Support for doctor-filled scripts: a warning sign for retail pharmacy?
ST. LOUIS In what could be either a worrisome sign of an increasingly fickle pharmacy consumer or a tempest in a teapot, researchers acting at the behest of a company that caters to physicians have found what they describe as widespread support for the idea of doctor-dispensed prescriptions.
Three out of four Americans in a nationwide poll appeared to support the concept of having their prescriptions filled by their doctors at the point of care, according to Purkinje, a health care technology and services company that partners with physicians. The poll, conducted by Opinion Research, found that a majority of consumers appear willing to try doctor-dispensed prescriptions rather than going to their neighborhood pharmacies.
The biggest factor is convenience, according to pollsters. “Overall preference for office-based medication dispensing appears to be driven by the prospect of saving time and improving quality of care,” noted a report on the study.
An overwhelming majority of respondents, 84 percent, said such a service would be more convenient, and 62 percent said it would help them better manage their health, according to researchers.
According to Purkinje, the findings suggest that “physicians are missing an opportunity to improve patient satisfaction and enhance revenue by not dispensing medicine in their office.” But the study’s results are troublesome for chain and independent pharmacies, which are already under assault from mail-order pharmacy, mandatory mail-order prescription plans and Medicaid reimbursement cuts, among other threats.
For pharmacy leaders, however, the findings might come with a few grains of salt. Purkinje describes itself as a specialist in providing physicians with computer-driven solutions to “save time, maximize income and provide optimal care for their patients.” Its products include software for practice management, electronic health records, billing and what it calls “medication fulfillment.”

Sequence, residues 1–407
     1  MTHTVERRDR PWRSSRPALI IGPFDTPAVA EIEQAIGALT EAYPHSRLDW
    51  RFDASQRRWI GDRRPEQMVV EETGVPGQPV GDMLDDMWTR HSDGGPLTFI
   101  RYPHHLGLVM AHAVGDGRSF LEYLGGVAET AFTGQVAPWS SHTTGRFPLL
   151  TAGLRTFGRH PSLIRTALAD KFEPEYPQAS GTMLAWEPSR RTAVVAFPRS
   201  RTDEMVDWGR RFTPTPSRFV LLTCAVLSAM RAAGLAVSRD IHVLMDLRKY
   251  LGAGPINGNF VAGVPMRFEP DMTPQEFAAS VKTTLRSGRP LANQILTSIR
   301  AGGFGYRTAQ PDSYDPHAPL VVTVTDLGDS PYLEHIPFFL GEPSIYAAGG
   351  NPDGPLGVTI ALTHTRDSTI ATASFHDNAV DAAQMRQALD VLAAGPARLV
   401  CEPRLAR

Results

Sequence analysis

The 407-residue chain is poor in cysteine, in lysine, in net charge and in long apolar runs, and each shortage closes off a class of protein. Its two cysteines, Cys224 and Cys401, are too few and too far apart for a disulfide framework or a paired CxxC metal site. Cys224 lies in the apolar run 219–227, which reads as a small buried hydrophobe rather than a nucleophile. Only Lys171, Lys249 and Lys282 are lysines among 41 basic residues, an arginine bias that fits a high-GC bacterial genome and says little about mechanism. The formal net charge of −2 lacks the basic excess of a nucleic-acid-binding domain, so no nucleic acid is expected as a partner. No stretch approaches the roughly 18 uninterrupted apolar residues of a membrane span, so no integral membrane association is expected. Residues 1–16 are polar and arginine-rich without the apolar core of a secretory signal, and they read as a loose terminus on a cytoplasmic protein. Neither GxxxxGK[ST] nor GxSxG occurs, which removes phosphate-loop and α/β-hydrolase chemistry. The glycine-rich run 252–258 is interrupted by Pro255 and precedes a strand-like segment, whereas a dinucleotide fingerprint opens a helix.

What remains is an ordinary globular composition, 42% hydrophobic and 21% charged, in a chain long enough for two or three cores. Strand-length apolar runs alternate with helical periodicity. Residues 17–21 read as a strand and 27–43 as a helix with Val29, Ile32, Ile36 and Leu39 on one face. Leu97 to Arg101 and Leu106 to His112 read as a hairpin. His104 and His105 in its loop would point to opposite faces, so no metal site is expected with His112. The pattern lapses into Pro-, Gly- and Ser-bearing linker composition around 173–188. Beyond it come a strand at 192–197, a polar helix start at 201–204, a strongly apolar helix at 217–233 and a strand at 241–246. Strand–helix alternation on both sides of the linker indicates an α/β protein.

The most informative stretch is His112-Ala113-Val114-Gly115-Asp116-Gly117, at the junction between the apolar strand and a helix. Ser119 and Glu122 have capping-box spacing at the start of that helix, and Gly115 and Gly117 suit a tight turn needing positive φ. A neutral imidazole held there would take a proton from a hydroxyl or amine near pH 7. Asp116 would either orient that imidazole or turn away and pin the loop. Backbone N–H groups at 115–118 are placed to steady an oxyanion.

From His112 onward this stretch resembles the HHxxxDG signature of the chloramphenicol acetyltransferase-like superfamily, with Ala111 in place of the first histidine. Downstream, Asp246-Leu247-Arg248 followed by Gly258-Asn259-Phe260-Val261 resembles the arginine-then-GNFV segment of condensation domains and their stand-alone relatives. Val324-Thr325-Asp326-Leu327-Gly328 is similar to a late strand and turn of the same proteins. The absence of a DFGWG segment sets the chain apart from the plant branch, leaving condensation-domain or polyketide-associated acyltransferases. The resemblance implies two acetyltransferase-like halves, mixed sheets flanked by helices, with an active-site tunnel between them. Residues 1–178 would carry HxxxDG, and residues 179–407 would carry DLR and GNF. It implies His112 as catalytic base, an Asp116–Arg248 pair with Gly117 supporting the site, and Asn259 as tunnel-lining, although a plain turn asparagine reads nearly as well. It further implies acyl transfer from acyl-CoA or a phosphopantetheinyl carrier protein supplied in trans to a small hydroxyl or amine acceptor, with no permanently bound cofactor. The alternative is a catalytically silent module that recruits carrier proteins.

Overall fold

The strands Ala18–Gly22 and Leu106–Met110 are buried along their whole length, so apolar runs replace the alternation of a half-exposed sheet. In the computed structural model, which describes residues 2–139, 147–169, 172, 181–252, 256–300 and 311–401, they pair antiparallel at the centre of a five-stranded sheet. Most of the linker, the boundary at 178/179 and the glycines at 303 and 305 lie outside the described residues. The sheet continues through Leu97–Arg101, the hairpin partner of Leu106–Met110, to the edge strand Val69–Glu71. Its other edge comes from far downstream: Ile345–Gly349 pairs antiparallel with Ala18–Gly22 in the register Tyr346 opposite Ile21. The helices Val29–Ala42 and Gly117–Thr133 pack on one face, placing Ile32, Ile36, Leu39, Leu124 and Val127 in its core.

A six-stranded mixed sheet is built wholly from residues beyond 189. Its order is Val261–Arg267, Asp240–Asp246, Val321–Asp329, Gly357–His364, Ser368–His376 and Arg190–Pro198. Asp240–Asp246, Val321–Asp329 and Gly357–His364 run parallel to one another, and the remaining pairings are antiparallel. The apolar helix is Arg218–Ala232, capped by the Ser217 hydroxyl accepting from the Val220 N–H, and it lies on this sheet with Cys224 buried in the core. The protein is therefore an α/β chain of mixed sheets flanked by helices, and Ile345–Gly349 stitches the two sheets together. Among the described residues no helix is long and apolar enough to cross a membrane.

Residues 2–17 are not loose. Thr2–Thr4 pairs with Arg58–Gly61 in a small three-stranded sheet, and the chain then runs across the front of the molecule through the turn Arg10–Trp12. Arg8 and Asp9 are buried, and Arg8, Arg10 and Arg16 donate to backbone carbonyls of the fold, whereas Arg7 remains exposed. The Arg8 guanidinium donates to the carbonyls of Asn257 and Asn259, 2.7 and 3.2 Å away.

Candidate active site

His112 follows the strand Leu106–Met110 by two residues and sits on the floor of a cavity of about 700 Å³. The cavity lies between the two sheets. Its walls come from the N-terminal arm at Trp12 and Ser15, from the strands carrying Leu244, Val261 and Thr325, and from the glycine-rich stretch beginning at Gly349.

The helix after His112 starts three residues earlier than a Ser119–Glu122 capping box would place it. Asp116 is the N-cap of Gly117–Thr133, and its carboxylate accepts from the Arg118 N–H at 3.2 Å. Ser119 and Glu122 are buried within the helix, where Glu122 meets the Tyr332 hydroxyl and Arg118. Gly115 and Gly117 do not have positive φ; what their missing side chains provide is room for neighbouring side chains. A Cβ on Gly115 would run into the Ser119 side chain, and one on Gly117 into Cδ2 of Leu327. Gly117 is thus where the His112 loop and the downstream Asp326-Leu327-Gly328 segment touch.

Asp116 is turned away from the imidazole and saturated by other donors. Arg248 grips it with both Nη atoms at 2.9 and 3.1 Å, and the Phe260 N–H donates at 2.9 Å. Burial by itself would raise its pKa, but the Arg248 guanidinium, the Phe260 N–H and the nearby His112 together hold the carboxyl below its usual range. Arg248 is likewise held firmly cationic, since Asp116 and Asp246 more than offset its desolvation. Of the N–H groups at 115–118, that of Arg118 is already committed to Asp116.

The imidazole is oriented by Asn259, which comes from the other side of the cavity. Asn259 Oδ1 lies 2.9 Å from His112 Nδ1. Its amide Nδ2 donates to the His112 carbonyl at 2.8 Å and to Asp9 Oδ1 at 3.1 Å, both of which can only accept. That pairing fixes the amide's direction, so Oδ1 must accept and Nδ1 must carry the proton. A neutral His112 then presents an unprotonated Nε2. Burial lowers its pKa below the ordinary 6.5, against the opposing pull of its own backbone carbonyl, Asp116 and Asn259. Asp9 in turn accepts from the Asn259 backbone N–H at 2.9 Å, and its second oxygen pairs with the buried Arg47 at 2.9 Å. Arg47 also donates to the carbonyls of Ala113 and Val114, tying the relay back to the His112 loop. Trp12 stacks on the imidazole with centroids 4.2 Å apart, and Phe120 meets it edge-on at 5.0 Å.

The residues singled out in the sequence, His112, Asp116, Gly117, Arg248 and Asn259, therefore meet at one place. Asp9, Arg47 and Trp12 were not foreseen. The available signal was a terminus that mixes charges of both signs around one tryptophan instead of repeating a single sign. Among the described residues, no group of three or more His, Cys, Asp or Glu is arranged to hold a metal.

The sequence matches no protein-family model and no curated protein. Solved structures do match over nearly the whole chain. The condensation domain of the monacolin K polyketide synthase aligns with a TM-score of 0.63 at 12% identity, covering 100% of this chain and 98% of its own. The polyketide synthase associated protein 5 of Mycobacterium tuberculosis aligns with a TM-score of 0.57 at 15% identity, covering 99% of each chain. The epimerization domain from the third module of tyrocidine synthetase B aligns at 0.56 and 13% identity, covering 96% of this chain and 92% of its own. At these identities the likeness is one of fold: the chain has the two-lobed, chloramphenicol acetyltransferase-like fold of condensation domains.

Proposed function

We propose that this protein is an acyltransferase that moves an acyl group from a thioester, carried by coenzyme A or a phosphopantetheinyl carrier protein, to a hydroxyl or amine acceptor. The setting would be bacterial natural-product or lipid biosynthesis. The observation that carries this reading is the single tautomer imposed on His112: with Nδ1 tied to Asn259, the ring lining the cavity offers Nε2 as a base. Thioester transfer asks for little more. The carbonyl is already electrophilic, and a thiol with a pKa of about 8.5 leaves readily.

Reacting to the report, Mary Ann Wagner, senior vice president of policy and regulatory affairs for the National Association of Chain Drug Stores, cited the drawbacks for any patient who cuts pharmacists out of the health care equation.
“Pharmacists not only dispense medications,” Wagner told Drug Store News. “They play a critical role in their patients’ health by monitoring potential drug interactions and allergies. If a patient is being treated by more than one health care provider, it would be more difficult to detect harmful drug interactions if the patient is receiving multiple medications from different doctors or pharmacies.”
DEA statistics show painkiller sales up almost 90 percent since 1997
WASHINGTON The amount of five major painkillers sold at retail establishments rose 90 percent in the eight years up to 2005, according to an Associated Press analysis of statistics from the Drug Enforcement Administration.
According to the DEA statistics more than 200,000 pounds of codeine, morphine, oxycodone, hydrocodone and meperidine were purchased at retail stores during 2005, the most recent year represented in the data.